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  1. Assertability Conditions and the Investigations.Nicoletta Bartunek - 2019 - Philosophia 47 (4):1023-1042.
    Later Wittgenstein is famous for having related meaning and use. Nonetheless, thanks to Dummett and Kripke, and the debates they provoked, a conventional wisdom is nowadays available: Wittgenstein, so the story goes, adopted a theory of meaning in terms of assertability conditions. This paper claims that it is wrong to attribute such a theory to the Investigations. For such a thesis to go through, one of the following two scenarios should be confirmed. It should either be true that Wittgenstein reduces (...)
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  • Wittgenstein on Public Language About Personal Experiences.Mamata Manjari Panda & Rajakishore Nath - 2020 - Philosophia 48 (5):1939-1960.
    In this paper, we would like to discuss Wittgenstein’s critique of the idea that a person’s experiences are necessarily private, and these experiences can only be expressible in a private language. Taking a clue from Wittgenstein, we intend to say that the person’s experiences though private, can also be known by others. In the following sections 243 of his Philosophical Investigations, Wittgenstein argues against the possibility of a private language about the subject’s inner experiences. He contends that by coining names/words (...)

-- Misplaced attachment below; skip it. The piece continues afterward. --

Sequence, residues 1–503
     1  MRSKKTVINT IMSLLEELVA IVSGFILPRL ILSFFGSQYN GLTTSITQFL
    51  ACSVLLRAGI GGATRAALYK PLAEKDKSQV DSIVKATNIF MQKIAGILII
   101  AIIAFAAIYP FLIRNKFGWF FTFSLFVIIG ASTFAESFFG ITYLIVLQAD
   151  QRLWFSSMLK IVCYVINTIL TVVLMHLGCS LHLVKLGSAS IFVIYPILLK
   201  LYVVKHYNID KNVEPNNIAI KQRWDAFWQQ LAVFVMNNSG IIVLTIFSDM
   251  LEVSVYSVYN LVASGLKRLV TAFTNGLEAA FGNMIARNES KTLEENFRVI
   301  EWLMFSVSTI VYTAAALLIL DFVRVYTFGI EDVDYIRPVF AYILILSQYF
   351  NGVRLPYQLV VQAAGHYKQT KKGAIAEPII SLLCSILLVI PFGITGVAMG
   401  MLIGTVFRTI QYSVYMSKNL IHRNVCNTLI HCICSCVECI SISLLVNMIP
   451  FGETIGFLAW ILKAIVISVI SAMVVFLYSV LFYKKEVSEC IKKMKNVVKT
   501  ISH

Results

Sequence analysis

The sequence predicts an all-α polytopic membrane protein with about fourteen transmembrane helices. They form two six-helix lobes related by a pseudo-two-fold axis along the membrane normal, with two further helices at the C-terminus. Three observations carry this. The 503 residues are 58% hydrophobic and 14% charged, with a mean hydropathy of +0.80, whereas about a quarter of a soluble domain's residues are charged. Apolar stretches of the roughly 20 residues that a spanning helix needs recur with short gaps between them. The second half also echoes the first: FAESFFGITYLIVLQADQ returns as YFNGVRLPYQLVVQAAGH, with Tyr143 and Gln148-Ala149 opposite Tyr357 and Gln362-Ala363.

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  • Stroud on Wittgenstein, Meaning, and Community.Claudine Verheggen - 2005 - Dialogue 44 (1):67-85.
    According to Barry Stroud, Wittgenstein thought that language is social only in this minimal way: we cannot make sense of the idea of someone having a language unless we can describe her as using signs in conformity with the linguistic practices of some community. Since a solitary person could meet this condition, Stroud concludes that, for Wittgenstein, solitary languages are possible. I argue that Wittgenstein in fact thought that language is social in a much more robust way. Solitary languages are (...)
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  • International Handbook of Research in History, Philosophy and Science Teaching.Michael R. Matthews (ed.) - 2014 - Springer.
    This inaugural handbook documents the distinctive research field that utilizes history and philosophy in investigation of theoretical, curricular and pedagogical issues in the teaching of science and mathematics. It is contributed to by 130 researchers from 30 countries; it provides a logically structured, fully referenced guide to the ways in which science and mathematics education is, informed by the history and philosophy of these disciplines, as well as by the philosophy of education more generally. The first handbook to cover the (...)
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  • The Community View Revisited.Claudine Verheggen - 2007 - Metaphilosophy 38 (5):612-631.